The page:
Soil-dwelling spherical coccoids with multiple chloroplasts lacking pyrenoids; multinucleate. Asexual reproduction via autospores, aplanospores, or biflagellate naked zoospores. Sexual reproduction via isomorphic biflagellate zoospore-like gametes.

Type genus: Bracteamorpha

Rotundellaceae fam. nova

Soil-dwelling spherical coccoids with multiple chloroplasts lacking pyrenoids; multinucleate. Asexual reproduction via autospores, aplanospores or rarely biflagellate zoospores. Sexual reproduction not known.

Type genus: Rotundella

Tumidellaceae fam. nova

Soil-dwelling spherical coccoids with multiple chloroplasts lacking pyrenoids; multinucleate. Asexual reproduction via autospores, aplanospores, or biflagellate naked zoospores. Sexual reproduction via isomorphic biflagellate zoospore-like gametes.

Type genus: Tumidella

Pseudomuriellaceae fam. nova

Soil-dwelling spherical coccoids with multiple chloroplasts lacking pyrenoids; multinucleate. Asexual reproduction via autospores, aplanospores, or biflagellate naked zoospores. Sexual reproduction not known.

Type genus: Pseudomuriella

Dictyococcaceae fam. nova

Spherical aquatic coccoids with multiple chloroplasts with inflected edges, lacking pyrenoids; multinucleate. Asexual reproduction via autospores or biflagellate naked zoospores. Sexual reproduction not known.

Type genus: Dictyococcus

Mychonastaceae fam. nova

Spherical, ovoid, or ellipsoidal aquatic coccoids either solitary or colonial. One to four chloroplasts per cell, lacking pyrenoid; uninucleate. Asexual reproduction via autospores. Sexual reproduction not known.

Type genus: Mychonastes

Schroederiaceae fam. nova

Solitary aquatic algae, elongate with apical protrusions. Chloroplasts single or multiple before reproduction, with one or more pyrenoids; at maturity multinucleate. Asexual reproduction via autospores or biflagellate zoospores. Sexual reproduction not known.

Type genus: Schroederia

Schizochlamydaceae fam. nova

Aquatic algae, solitary or in small aggregations, coccoid or flagellate with multiple chloroplasts; pyrenoids present; at maturity multinucleate. Asexual reproduction via autospores or biflagellate zoospores. Sexual reproduction not known.

Type genus: Schizochlamys

Chromochloridaceae fam. nova

Soil-dwelling spherical coccoids with multiple chloroplasts lacking pyrenoids; multinucleate. Asexual reproduction via autospores, aplanospores or biflagellate zoospores. Sexual reproduction not known.

Type genus: Chromochloris

Dictyochloridaceae fam. nova

Terrestrial spherical coccoids with a net-like chloroplast lacking pyrenoids; multinucleate. Asexual reproduction via autospores or biflagellate zoospores. Sexual reproduction not known.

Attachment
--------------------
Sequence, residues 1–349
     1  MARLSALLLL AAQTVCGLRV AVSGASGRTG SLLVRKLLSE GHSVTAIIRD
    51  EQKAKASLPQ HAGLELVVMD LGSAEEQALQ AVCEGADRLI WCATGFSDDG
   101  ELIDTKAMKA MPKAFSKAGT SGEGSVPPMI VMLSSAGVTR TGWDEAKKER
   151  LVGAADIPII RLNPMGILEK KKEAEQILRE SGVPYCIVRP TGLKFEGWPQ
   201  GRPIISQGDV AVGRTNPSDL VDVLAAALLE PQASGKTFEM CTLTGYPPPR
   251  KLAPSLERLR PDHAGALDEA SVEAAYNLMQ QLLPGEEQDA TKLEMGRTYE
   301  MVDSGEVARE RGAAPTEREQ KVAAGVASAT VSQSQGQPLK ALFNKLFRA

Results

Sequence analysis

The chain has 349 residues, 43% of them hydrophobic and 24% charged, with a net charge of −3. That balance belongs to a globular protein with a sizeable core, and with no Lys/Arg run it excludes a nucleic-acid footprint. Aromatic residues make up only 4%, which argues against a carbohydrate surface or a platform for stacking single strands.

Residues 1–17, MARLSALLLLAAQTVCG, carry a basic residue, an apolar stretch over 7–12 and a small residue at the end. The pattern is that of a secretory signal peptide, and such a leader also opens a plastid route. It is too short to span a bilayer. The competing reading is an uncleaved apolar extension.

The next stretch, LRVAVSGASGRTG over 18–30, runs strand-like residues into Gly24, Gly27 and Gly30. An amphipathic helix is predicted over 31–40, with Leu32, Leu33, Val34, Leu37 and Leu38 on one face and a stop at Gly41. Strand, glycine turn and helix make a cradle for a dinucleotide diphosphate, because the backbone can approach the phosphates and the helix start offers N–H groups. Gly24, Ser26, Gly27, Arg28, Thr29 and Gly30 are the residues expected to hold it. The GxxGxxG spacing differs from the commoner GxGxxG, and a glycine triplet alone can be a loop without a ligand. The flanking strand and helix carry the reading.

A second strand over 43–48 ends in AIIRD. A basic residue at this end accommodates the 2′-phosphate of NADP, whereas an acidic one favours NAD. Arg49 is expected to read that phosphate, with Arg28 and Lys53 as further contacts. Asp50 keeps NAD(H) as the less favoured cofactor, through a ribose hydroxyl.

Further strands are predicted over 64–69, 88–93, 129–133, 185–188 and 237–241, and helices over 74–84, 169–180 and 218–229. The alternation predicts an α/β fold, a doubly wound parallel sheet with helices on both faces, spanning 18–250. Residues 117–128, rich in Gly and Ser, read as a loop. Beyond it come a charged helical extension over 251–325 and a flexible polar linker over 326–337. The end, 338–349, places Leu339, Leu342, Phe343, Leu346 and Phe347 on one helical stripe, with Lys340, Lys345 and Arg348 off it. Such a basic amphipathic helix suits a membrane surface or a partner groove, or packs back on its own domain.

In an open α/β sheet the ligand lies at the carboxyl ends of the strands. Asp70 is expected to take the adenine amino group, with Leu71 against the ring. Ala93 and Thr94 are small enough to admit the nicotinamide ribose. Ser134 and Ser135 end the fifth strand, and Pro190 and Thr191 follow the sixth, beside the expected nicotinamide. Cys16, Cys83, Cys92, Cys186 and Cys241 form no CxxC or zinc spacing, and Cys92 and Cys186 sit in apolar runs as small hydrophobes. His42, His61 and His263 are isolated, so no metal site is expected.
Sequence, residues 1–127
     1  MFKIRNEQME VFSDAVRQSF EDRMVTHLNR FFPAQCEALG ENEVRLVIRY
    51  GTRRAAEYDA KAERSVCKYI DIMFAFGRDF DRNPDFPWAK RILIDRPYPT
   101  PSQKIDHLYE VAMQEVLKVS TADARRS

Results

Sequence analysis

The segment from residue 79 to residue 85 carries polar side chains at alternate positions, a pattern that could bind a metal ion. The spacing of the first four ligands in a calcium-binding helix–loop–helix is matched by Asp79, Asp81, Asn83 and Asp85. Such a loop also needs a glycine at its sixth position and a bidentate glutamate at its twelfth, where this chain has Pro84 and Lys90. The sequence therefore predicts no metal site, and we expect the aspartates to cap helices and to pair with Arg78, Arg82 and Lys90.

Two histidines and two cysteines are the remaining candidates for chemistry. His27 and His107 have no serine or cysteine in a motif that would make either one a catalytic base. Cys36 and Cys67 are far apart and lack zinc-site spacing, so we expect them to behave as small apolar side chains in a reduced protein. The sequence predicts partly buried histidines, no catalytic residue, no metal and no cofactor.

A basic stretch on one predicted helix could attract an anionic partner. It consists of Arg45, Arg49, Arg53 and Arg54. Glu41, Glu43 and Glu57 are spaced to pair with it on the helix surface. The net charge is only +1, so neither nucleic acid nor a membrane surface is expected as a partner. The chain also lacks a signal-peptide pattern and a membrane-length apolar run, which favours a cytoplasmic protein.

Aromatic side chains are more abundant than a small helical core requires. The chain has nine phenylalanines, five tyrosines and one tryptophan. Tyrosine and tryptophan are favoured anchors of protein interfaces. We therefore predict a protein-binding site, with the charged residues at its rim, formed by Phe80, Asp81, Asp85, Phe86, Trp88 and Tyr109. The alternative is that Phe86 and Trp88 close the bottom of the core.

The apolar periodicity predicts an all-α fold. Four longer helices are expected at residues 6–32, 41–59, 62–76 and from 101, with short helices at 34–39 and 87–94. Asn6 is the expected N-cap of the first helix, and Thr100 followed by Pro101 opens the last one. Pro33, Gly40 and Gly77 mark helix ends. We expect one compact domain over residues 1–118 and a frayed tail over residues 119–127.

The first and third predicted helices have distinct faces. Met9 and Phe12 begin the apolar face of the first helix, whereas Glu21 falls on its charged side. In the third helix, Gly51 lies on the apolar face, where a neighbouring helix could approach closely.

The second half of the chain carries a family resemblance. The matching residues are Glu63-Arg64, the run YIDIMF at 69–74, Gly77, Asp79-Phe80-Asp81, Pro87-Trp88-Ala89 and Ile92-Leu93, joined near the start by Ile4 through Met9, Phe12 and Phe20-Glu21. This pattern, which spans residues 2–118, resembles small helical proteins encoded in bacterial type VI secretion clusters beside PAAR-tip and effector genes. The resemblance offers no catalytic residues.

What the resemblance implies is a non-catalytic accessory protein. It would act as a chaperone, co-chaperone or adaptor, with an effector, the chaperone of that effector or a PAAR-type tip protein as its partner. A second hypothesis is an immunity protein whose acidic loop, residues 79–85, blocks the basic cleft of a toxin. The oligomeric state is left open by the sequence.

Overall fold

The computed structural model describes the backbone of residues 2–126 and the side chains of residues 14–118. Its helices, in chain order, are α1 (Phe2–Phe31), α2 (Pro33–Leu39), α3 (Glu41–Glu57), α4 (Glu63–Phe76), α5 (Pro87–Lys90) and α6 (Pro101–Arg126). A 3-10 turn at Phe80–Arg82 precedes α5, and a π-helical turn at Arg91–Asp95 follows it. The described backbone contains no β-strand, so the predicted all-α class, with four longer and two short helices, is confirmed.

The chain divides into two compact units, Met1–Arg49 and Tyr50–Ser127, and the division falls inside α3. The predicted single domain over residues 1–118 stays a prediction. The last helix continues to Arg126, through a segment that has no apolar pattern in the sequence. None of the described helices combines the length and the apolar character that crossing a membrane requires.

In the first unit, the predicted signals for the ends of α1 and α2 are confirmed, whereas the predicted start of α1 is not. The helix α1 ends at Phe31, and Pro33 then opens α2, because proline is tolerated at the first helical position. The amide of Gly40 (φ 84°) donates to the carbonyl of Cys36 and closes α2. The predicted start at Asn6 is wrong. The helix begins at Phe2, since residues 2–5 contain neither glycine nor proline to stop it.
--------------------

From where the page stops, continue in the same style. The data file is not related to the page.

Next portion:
Type genus: Dictyochloris

This work was supported by the NSF grant DEB-1036448 (Assembling the Green Algal Tree of Life: GrAToL) awarded to L. A. Lewis and P. O. Lewis. We thank Dr. V. Flechtner from John Carroll University for the initial morphological observations on the strain UTEX B2977, and Dr. N. Pietrasiak for isolating and initial characterization of the strain UTEX B2979.

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Supporting Information

  1. Top of page
  2. Abstract
  3. Materials and Methods
  4. Results
  5. Discussion
  6. Supporting Information
FilenameFormatSizeDescription
jpy12118-sup-0001-FigS1.pdfapplication/PDF182KFig. S1. Bayesian majority rule consensus tree based on the combined partitioned data set of rbcL, psaB, and psbC (4164 characters total) including taxa outside of Sphaeropleales. Scale bar represents expected number of substitutions per site. BPP values of 1.0 are represented by asterisks (*) and values lower than 0.50 are represented by dashes (-).
jpy12118-sup-0002-FigS2.pdfapplication/PDF335KFig. S2. Single-gene Bayesian majority rule consensus trees based on analyses of 18S, 28S, tufA, rbcL, psbC, and psaB, respectively. Scale bar represents expected number of substitutions per site. BPP values of 1.0 are represented by asterisks (*). Values lower than 0.50 are represented by dashes (-).
jpy12118-sup-0003-FigS3.pdfapplication/PDF292KFig. S3. Bayesian majority rule consensus trees based on combined rDNA data set (18S, 28S, 5.8S) and combined plastid data set (rbcL, psaB, psbC, and tufA) partitioned by gene and codon. Scale bar represents expected number of substitutions per site. Support values of 1.00 BPP and 100% BS are represented by asterisks (*). Values lower than 0.50 or 50% are represented by dashes (-). Branches shared between the two trees are highlighted with thicker lines.
jpy12118-sup-0004-TableS1.docxWord document17KTable S1. List of algal strains used as outgroup taxa for analysis presented in Fig. S1 with corresponding GenBank accession numbers for genes of interest. Sequences obtained for this study are highlighted in boldface font.
jpy12118-sup-0005-AppendixS1.zipZip archive197KAppendix S1. Phycas scripts specifying settings and priors used in this study.